Sometimes, a beer tasting creates a dilemma…especially for beer imported from
distant ports of call. Today is one of those days.
Flensburger Brauerei is a brewery located in Flensburg in the state of Schleswig-Holstein, in Hanseatic Germany. It’s one of the last breweries in Germany that enjoys nationwide distribution and operation without being part of a larger brewery
group. Founded in 1888 by five citizens of Flensburg, it is owned today mainly by the founder families Petersen and Dethleffsen.
Before modern refrigeration, the brewery used to chop blocks of ice from frozen lakes in the winter and bring the blocks back to the brewery to keep their underground storage facilities cool in summer. They still operate using their own water well, which is supplied by an underground vein of very old Ice Age melting water coming from Scandinavia.
I was introduced to “Flens” at least two decades ago by a friend on one of my early visits to West Germany (before reunification), where their pils, lager and other styles were readily available in northern areas of the BRD, and their “Plopp Flashen” (ceramic swing top, like Grolsch) bottles were pretty cool…and remain part of their identity, despite the added demands and expense of the complicated automation process required to fill, seal, clean & recycle these bottles. Their beer has always been excellent and it remains part of the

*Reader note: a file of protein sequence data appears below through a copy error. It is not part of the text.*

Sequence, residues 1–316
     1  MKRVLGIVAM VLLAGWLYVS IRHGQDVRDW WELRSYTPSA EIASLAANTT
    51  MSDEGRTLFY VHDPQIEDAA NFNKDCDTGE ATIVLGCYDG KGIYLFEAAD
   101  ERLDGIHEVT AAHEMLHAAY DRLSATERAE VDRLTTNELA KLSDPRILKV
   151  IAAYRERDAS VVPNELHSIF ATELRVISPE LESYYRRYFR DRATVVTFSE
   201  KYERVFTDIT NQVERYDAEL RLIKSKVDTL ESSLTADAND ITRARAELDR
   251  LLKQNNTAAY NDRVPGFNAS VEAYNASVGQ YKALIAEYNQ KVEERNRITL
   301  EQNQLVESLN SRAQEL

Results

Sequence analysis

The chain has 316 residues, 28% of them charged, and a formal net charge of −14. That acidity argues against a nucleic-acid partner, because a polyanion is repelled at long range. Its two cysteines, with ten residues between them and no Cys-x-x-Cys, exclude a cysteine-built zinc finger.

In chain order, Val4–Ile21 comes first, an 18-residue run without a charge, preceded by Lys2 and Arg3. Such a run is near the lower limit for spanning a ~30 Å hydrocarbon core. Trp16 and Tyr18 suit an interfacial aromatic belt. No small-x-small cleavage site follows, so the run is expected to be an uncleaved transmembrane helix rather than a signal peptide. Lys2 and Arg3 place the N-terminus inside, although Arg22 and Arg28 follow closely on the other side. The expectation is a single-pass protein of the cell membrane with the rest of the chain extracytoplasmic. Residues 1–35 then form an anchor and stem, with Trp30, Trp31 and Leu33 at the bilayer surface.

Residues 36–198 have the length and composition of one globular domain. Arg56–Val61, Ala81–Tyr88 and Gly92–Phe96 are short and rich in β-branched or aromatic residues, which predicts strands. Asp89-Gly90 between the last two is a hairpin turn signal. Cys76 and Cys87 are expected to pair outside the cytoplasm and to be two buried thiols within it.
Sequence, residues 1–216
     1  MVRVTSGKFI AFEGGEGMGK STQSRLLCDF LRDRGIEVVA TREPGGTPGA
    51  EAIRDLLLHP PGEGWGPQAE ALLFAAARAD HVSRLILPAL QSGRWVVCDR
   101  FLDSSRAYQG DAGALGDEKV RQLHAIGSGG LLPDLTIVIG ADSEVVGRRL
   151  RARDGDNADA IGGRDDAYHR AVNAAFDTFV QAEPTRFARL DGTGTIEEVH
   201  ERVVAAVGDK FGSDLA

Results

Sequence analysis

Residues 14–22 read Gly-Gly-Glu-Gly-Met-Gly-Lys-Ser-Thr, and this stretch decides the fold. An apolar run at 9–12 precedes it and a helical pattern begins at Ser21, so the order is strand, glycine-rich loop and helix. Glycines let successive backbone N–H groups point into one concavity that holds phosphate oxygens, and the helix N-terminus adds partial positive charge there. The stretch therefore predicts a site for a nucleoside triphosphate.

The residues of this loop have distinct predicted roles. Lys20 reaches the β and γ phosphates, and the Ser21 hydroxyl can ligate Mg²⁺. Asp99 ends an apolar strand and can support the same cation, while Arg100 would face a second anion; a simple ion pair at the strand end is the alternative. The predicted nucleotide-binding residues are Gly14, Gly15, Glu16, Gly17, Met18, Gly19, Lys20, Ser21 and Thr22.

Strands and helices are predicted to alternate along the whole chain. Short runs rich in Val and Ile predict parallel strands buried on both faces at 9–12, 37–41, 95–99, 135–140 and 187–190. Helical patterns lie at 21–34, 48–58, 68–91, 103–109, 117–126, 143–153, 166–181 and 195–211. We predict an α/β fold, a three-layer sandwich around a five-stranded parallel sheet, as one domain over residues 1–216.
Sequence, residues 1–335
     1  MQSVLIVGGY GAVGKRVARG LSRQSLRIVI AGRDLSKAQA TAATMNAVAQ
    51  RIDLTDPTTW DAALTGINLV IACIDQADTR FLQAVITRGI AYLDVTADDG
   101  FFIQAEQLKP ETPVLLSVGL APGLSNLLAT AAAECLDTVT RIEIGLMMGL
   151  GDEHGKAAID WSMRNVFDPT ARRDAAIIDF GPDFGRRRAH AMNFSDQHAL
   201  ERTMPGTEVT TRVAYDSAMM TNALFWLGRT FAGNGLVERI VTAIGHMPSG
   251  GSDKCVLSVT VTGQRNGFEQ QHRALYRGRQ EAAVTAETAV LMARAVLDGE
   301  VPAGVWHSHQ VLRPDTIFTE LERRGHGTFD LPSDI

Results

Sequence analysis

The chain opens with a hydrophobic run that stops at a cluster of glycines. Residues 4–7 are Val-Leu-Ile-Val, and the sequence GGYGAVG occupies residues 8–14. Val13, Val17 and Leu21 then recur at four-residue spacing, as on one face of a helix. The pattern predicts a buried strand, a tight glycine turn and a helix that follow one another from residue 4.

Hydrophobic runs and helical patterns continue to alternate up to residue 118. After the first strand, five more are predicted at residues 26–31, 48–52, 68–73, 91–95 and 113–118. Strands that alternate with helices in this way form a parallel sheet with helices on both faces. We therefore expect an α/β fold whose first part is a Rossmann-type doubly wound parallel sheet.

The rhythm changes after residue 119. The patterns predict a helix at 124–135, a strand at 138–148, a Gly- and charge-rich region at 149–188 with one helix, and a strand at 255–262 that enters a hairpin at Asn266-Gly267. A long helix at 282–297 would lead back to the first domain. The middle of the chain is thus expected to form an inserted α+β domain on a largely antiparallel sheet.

blunt regional identity among many Northern Germans (note the ad below).
Today, I was pretty fired up to try their Gold, which they call a pilsner –
even if it’s not nearly as dry as their actual Pilsner brand – but is closer to
a more typical helles lager.
Unfortunately, the import time and conditioning had probably not been kind to
After “plopping” open and pouring my beer, I immediately noted the obvious
lightstruck aroma. The carbonation was low and the white head dissipated almost
immediately. The nose is malty and mildly sweet with a flat dryness and
slightly medicinal notes and lingered on into a soft dry tinny finish. This was
not the beer I had remembered.
And this created the dilemma.
I would typically not want to review a beer that was obviously flawed and is no
longer in the intended condition, but the fact is, the beer was sold at retail
and remains on the shelf in stores. So if this is what’s out there for
purchase, than it’s fair to review it as it is.
While I know the beer is much better than this, it’s below average in these
samples and, while not undrinkable, was nonetheless disappointing.